Alongside the changes in the adaptive immune response that occur with age, there are also major changes in innate immunity as an organism ages. Amongst these, changes in natural killer [18] cells, the first line of cellular components to provide direct cytotoxic lysis of tumor cells and virus infected cells, have been extensive since the elderly people show increased susceptibility to both tumor development and virus infections [32]. This study indicated that CD3+Ly49+ NK cells were present at significantly lower levels in senile SAM-P8 mice compared to SAM-R1 control animals, which may be another underlying factor accounting for the increased susceptibility of elderly mice to cancer and virus infection. The increase in the level of NK cells seen in this study following dietary supplementation with ECD could therefore be beneficial to elderly organisms in terms of increased resistance to tumor development and virus infection. However, further studies are required to clarify the role of the effect of ECD on NK cells in aged organisms.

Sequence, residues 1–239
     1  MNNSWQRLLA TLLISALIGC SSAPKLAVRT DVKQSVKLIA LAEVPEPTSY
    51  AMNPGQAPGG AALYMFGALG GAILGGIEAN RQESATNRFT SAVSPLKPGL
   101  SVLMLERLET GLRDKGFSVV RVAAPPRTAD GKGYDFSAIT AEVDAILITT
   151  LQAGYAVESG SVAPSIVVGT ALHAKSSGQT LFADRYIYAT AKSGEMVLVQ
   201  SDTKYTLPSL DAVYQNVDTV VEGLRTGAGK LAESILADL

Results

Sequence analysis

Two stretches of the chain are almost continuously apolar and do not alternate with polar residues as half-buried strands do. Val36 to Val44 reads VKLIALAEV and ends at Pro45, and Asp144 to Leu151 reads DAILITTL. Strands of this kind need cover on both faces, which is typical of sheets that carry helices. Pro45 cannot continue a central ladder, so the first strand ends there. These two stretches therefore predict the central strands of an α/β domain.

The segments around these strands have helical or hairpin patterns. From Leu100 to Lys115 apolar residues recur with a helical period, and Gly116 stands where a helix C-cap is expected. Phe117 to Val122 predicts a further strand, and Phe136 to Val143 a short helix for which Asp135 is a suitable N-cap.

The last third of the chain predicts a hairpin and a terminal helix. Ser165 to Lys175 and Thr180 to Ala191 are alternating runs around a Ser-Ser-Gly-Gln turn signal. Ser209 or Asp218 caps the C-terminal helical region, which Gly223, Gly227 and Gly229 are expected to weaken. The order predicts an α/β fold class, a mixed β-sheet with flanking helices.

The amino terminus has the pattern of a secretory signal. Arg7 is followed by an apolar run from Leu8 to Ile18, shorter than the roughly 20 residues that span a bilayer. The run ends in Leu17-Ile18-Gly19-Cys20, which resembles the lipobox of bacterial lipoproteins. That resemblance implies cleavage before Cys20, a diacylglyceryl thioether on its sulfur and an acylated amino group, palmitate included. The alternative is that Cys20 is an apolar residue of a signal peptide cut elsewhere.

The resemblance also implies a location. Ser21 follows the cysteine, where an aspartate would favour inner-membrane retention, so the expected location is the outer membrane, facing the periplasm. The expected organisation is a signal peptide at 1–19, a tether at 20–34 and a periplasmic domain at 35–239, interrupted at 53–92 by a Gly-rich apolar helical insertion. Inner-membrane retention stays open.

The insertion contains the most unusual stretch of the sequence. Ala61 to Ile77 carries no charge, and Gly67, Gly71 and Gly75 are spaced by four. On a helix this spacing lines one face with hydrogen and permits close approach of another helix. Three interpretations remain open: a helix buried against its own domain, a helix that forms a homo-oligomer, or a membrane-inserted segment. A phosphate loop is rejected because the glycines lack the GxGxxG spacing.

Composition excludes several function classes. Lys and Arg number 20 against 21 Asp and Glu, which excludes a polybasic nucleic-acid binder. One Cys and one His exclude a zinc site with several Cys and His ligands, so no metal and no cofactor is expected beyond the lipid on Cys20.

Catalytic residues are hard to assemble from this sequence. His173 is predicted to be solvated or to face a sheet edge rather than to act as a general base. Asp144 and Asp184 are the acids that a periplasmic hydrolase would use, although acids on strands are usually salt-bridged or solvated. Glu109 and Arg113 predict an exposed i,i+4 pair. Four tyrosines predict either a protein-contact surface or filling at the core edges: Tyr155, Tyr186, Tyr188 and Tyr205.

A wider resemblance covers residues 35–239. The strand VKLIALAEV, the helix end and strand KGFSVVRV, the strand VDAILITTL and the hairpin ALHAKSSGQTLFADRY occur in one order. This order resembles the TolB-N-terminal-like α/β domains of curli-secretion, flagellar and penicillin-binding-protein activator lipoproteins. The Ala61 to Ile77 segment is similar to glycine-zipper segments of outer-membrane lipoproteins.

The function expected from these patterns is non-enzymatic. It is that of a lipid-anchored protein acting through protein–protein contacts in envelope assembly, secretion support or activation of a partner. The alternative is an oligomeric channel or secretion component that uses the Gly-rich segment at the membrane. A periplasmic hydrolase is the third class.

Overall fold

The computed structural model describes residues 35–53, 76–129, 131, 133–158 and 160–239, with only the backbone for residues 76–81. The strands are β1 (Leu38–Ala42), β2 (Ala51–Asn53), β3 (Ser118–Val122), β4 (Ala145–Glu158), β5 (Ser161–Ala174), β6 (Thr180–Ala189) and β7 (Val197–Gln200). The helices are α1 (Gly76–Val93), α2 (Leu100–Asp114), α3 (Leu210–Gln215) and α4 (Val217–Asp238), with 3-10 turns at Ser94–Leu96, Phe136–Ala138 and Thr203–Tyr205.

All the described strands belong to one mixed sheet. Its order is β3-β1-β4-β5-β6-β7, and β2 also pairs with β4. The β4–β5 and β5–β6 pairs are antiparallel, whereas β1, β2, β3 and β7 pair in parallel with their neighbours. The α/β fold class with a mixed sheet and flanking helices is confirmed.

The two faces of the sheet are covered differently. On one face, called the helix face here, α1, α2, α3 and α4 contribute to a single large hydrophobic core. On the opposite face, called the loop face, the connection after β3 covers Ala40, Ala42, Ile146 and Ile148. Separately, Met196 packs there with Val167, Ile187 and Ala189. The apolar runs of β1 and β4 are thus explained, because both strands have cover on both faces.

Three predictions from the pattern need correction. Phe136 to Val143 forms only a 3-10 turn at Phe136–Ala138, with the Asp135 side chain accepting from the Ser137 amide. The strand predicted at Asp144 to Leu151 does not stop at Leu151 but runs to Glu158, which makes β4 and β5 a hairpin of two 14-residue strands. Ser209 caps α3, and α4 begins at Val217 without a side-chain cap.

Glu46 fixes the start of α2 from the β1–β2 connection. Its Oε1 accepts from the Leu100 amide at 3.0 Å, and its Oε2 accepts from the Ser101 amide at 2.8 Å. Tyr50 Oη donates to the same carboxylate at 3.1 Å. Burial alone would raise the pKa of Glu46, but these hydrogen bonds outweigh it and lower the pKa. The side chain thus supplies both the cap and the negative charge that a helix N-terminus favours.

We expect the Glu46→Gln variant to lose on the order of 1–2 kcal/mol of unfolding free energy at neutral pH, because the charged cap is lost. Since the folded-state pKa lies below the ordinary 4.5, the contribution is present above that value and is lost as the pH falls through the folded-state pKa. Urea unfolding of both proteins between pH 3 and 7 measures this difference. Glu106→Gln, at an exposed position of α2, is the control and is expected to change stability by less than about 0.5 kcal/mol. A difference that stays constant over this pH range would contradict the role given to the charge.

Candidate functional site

In conclusion, this study has shown that treatment of the senescence-accelerated mouse prone substrain, SAM-P8, with ECD can induce a significant reversal of age-related immunosenescence alterations. Deficiencies in both peripheral and spleen cell populations of naive T cells and NK cells were reduced, while levels of redundant memory T cells were also reduced. In addition, dietary supplementation with ECD was able to suppress both necrosis in peripheral lymphocytes and the levels of the proinflammatory cytokine, IL-6. Finally in addition to bringing about changes in the senile immune system, ECD dietary supplementation significantly prolonged the life span of senile SAM-P8 mice.

Conflict of Interests

All the authors who contributed to this paper declare that they have no conflict of interests.

Acknowledgment

This work was supported by grants from the National Science Fund of China (Grants nos. 30873072 and 81374037)